In June 2022, Swansea Ward member Jill Morgan attended the annual Welsh Festival in Malad, Idaho, to give a presentation on the history of the LDS Church in 19th century Wales.
Malad was settled by Welsh converts in the 1860s, and there are still plenty of Jones, Davies, Williams and Evans entries in the phone book. It’s a small town of just 2,500 inhabitants. But they’re so proud of their Welsh heritage, that some 15 years ago, they reinstated the traditional Welsh festivals that the town had held up until the 1930s. These would originally have been an “Eisteddfod”, with competitions in song, dance, poetry and instrumental music. The modern counterpart in Malad still includes music, in the form of concerts which take place throughout the two days of the festival. These can be found both on an outdoor stage, and inside the lovely 1915 Latter Day Saint meeting house beside the park where the festival takes place.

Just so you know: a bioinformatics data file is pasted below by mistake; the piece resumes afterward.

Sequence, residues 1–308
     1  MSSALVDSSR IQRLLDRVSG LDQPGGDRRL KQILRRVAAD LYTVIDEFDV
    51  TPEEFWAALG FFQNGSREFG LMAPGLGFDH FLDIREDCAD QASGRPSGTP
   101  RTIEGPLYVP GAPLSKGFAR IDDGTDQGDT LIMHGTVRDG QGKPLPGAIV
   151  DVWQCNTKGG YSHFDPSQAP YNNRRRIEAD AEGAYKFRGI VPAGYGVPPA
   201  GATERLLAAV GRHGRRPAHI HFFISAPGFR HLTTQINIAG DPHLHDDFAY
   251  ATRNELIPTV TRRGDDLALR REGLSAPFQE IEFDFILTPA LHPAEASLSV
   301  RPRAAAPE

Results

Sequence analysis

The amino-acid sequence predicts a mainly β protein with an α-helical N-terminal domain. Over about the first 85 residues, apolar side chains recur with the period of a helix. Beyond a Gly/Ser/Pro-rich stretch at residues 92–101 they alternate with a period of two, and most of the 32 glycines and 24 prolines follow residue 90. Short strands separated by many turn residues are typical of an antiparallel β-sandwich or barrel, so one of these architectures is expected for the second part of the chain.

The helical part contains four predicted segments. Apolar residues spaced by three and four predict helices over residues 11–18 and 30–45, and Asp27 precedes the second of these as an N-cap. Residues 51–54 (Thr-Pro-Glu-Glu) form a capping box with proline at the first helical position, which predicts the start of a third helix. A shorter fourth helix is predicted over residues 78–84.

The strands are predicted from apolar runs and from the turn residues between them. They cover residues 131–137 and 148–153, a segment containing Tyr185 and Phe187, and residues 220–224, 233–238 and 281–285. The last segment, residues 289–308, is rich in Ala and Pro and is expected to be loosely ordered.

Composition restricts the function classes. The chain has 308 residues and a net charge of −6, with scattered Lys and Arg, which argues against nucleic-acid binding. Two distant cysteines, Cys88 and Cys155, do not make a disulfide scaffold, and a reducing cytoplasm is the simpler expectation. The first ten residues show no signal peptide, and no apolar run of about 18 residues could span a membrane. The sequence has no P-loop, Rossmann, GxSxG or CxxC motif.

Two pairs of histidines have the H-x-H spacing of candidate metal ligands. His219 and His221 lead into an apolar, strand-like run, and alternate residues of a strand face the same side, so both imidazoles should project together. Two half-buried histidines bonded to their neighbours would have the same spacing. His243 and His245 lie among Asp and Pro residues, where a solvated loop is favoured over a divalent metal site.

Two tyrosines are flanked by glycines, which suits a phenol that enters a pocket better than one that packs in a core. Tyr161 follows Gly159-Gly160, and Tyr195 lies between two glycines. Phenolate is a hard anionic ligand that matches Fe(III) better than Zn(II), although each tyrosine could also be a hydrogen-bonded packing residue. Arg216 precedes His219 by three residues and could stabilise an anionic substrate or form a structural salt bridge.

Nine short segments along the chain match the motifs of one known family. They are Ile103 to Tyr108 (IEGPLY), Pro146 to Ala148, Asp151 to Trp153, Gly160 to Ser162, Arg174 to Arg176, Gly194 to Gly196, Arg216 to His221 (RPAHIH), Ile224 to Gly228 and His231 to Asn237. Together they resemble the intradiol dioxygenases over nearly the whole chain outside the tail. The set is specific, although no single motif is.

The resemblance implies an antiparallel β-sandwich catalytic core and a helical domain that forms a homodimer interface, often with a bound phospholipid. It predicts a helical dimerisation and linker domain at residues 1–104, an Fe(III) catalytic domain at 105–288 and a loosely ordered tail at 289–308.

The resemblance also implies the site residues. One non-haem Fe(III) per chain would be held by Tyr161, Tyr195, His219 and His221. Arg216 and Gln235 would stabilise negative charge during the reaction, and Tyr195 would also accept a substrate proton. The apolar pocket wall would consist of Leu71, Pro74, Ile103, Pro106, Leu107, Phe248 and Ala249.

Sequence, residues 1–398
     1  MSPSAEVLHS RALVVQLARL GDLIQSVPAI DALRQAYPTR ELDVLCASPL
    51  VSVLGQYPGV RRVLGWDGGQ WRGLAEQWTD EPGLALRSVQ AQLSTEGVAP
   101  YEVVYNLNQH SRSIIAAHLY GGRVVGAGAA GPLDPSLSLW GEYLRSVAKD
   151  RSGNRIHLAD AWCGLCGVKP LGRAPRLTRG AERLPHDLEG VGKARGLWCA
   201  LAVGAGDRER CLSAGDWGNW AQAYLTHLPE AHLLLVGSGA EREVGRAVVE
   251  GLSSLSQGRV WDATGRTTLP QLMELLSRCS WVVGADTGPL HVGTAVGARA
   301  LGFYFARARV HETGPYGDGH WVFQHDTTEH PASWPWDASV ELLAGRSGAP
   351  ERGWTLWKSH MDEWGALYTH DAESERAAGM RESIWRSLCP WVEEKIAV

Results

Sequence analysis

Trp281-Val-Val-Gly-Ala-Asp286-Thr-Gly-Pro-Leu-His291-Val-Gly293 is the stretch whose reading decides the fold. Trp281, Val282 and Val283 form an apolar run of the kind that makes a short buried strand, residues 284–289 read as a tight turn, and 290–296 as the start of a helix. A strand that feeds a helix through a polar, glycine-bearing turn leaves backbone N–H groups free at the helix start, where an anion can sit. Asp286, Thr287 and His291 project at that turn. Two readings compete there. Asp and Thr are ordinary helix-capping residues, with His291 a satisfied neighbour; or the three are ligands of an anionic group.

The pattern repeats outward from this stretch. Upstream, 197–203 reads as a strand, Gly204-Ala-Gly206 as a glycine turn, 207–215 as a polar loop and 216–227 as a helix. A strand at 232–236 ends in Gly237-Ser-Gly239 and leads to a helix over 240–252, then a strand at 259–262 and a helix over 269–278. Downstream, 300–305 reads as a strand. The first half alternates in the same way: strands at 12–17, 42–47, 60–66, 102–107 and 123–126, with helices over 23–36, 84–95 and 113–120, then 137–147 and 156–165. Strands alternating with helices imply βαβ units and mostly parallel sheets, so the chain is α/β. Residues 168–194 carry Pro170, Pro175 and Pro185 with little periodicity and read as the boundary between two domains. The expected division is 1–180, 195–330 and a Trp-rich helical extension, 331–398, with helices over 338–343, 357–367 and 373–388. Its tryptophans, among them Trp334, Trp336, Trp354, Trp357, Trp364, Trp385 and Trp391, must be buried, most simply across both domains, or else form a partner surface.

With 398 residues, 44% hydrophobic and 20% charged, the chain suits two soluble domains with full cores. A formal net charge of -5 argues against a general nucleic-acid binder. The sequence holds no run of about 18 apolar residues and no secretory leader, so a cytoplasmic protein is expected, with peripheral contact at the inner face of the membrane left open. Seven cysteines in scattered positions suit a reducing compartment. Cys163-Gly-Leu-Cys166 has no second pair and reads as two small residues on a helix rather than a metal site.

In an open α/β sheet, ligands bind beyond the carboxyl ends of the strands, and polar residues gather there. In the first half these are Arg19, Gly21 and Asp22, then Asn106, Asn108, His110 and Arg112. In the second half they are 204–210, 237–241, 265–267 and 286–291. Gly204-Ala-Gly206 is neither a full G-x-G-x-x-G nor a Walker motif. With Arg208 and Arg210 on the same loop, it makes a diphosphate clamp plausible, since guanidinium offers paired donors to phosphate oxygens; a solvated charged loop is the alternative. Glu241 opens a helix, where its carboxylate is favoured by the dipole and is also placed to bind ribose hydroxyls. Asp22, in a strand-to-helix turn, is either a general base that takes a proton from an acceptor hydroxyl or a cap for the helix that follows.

But the competition is reserved for poetry, with the winning author seated on a specially carved Bardic chair- as they would be in the traditional Welsh Eisteddfod. Sister Morgan’s presentation was based on the research which she and other Welsh Church History Specialists had conducted into places of historic interest for the Church. These included former meetinghouses, such as the purpose-built chapels in Llanelli, Abergele and Monkton; places where baptisms took place such as at the Point of Ayr lighthouse on the Dee estuary; places where missionaries preached (and were often heckled or chased away); and places of special note such as Nantygwenith Street in Merthyr Tydfil where John Sylvanus Davis translated the Book of Mormon and Doctrine and Covenants into Welsh in the 1850s. Among the audience at the festival were descendants of those mentioned in the presentation– ordinary people whose lives were changed by the gospel and who accomplished great things, including the settlement of small towns across the American West where the restored gospel could be lived in peace.